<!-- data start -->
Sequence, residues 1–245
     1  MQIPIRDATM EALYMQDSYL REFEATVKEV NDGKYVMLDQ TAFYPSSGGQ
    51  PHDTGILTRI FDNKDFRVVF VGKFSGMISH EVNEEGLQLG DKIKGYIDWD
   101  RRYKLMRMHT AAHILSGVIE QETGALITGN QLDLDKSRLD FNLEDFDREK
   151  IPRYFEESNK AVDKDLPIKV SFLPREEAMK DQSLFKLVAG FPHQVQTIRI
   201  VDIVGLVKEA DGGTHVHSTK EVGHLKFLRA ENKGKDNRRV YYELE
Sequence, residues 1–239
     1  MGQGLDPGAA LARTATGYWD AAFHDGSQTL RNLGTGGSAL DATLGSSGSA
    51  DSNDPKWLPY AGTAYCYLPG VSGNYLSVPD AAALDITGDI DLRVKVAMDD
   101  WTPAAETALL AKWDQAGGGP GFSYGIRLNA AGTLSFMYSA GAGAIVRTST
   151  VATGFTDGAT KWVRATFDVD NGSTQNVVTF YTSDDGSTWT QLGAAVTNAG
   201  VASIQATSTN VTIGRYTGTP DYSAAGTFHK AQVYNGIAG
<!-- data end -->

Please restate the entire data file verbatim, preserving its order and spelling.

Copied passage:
Sequence, residues 1–245
     1  MQIPIRDATM EALYMQDSYL REFEATVKEV NDGKYVMLDQ TAFYPSSGGQ
    51  PHDTGILTRI FDNKDFRVVF VGKFSGMISH EVNEEGLQLG DKIKGYIDWD
   101  RRYKLMRMHT AAHILSGVIE QETGALITGN QLDLDKSRLD FNLEDFDREK
   151  IPRYFEESNK AVDKDLPIKV SFLPREEAMK DQSLFKLVAG FPHQVQTIRI
   201  VDIVGLVKEA DGGTHVHSTK EVGHLKFLRA ENKGKDNRRV YYELE
Sequence, residues 1–239
     1  MGQGLDPGAA LARTATGYWD AAFHDGSQTL RNLGTGGSAL DATLGSSGSA
    51  DSNDPKWLPY AGTAYCYLPG VSGNYLSVPD AAALDITGDI DLRVKVAMDD
   101  WTPAAETALL AKWDQAGGGP GFSYGIRLNA AGTLSFMYSA GAGAIVRTST
   151  VATGFTDGAT KWVRATFDVD NGSTQNVVTF YTSDDGSTWT QLGAAVTNAG
   201  VASIQATSTN VTIGRYTGTP DYSAAGTFHK AQVYNGIAG